The Glasgow Courier - Serving Proudly As The Voice Of Valley County Since 1913

By Bonnie Davidson
The Courier 

City Council Approves Levee Draft Plan


Bonnie Davidson / The Courier

Mike Kaiser of the Glasgow Levee Safety Committee shows committee members and Colleen Horhan of the Army Corps of Engineers where existing lines of the levee are and where they should be.

Flooding is a concern in the Glasgow area, a concern that has become a reality a number of times over the last century. Only a few years ago, in 2011, a large flood threatened and damaged the area. The disaster caused millions of dollars of damage.

The Army Corps of Engineers gave the city of Glasgow two years to complete a plan to fix several issues with the Milk River and Cherry Creek Levee that was rated as unacceptable. Glasgow formed a Levee Safety Committee in order to meet the deadline that will come up on July 1 of this year. That committee has met regularly and looked into all the issues listed by the corps.

The city council received the final draft of the System Wide Infrastructure Framework (SWIF) and approved sending it to the Army Corps of Engineers at the city council meeting on Monday, April 21. Dan Carney, Mike Kaiser and John Fontaine, all part of the Levee committee, were present at the meeting to support the final draft. Carney explained that the SWIF would go to the Omaha Division of the Corps and after approval it would go onto Washington, D.C., for final approval. The hope is to have the plan officially approved by the July deadline.

"If its not approved, we're working on another plan, we're waiting on a letter of intent until its approved, which could change the scope of the project," Carney said at the meeting.

A push to finish the project is due to the fact that if a breach in the Levee occurs, after a rating of unacceptable, money to repair the Levee that might come from the Federal Emergency Management Agency (FEMA) wouldn't funnel to Glasgow's Levee. It would also mean that the entire south side of town would be required to obtain flood insurance.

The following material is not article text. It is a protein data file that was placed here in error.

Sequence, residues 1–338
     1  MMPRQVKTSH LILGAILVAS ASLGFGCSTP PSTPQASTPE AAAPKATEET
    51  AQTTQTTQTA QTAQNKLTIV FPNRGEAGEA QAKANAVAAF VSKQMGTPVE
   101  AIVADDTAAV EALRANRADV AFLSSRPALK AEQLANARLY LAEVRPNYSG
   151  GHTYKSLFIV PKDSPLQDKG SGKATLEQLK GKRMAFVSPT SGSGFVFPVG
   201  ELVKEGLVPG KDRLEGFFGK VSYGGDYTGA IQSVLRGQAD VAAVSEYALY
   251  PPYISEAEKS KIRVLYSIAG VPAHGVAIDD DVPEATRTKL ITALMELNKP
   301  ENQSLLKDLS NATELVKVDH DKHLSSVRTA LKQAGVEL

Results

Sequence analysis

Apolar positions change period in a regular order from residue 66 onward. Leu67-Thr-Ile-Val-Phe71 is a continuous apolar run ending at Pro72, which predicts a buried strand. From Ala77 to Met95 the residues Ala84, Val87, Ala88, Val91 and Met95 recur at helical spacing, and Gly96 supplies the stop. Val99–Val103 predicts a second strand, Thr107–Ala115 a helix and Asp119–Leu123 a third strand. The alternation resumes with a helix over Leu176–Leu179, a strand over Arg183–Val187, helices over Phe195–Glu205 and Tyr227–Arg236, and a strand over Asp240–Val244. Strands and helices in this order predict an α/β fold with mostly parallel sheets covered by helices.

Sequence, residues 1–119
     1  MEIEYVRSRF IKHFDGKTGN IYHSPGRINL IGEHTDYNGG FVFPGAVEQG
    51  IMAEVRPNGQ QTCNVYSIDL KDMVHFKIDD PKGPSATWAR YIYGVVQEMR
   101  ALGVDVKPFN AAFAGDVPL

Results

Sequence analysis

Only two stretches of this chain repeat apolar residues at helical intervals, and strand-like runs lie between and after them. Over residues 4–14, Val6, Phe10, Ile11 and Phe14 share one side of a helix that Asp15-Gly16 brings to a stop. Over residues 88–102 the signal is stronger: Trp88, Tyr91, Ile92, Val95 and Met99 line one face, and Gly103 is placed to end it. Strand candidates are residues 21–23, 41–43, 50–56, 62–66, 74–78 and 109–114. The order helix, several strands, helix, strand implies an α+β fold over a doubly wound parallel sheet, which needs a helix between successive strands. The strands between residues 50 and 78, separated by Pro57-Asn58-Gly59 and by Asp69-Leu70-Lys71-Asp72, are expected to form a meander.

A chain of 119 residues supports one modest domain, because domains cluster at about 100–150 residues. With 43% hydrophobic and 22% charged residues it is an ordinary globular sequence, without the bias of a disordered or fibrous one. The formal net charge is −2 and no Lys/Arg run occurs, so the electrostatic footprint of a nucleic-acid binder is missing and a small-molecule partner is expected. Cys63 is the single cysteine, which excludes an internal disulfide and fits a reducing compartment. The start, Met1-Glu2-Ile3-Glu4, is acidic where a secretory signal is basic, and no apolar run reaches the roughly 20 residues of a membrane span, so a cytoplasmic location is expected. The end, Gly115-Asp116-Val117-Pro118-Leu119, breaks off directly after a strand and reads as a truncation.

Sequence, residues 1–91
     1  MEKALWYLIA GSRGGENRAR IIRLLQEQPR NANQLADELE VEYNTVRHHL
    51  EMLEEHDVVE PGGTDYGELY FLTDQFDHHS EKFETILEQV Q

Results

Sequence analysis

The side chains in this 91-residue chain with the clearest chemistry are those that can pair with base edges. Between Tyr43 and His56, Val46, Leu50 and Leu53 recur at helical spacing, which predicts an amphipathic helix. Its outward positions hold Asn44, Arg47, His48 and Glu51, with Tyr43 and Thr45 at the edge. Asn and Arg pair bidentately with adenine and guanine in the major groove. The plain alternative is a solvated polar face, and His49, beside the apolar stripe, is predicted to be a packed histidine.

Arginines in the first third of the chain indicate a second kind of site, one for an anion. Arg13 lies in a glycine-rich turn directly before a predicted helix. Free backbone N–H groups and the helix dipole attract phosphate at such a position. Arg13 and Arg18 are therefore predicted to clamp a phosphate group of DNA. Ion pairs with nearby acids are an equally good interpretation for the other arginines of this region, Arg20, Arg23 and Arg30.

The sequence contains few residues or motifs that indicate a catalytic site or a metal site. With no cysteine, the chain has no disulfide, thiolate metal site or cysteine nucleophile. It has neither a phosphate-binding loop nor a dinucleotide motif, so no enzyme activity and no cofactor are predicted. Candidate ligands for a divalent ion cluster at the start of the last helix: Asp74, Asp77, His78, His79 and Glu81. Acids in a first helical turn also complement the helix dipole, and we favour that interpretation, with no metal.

Glasgow is blessed and cursed with one of the oldest levees in the state of Montana. There has been a history of a Levee being placed along the same lines since the early 1900s, but the official project was a WPA (Works Progress Administration) project completed in 1936. Once the project was complete, it was up to the city of Glasgow to maintain.

During a tour of the Levee, Colleen Horhan from the Army Corps of Engineers inspected and looked at all the problems listed. Fontaine explained that over the years of floods, the Levee actually shifted as dirt was added to the side to keep water from breaching during floods.

Fontaine spent a lot of time researching the history and trying to plot lines to where the original Levee existed. That shifting of the Levee has helped cause encroachment issues with property owners.

Dealing with that encroachment issue might be what costs the big bucks. The proposal of moving the Levee could cost the city up to $1.2 million, according to the city SWIF plan. Several other issues, such as removing vegetation, repairing burrows and erosion, and repairing depressions and ruts added to those repairs, could cost the city a few million.

Carney explained at the city council meeting that some of the work to remove vegetation had already been done with the help of Valley County. The work was valued at $11,000 to remove trees and shrubs from half of a mile of the Levee. Work done by the city of Glasgow that has been completed was valued at $9,400. Survey work finished for the right-of-way was $2,200 and title searches cost $3,825.

"There are huge costs," Glasgow Mayor Becky Erickson said at the meeting. "We need to be diligent on finding the funds."

The city proposed a timeline to the corps to complete some of the work. Carney said at the meeting that they aren't really sure how long the corps will allow to complete some of the work, but the finances involved will take time to budget. Removal of vegetation is scheduled to be completed by February 2015, but some of the bigger issues, such as relocating a portion of the existing Levee to deal with encroachment issues, might not be completed until 2020.

The next step after the SWIF draft is sent will be to make suggested revisions. Once the plan is finalized, the city will begin to plan for budgeting concerns to complete all the tasks. The Levee committee will continue to meet regularly while they wait to hear back from the Corps.


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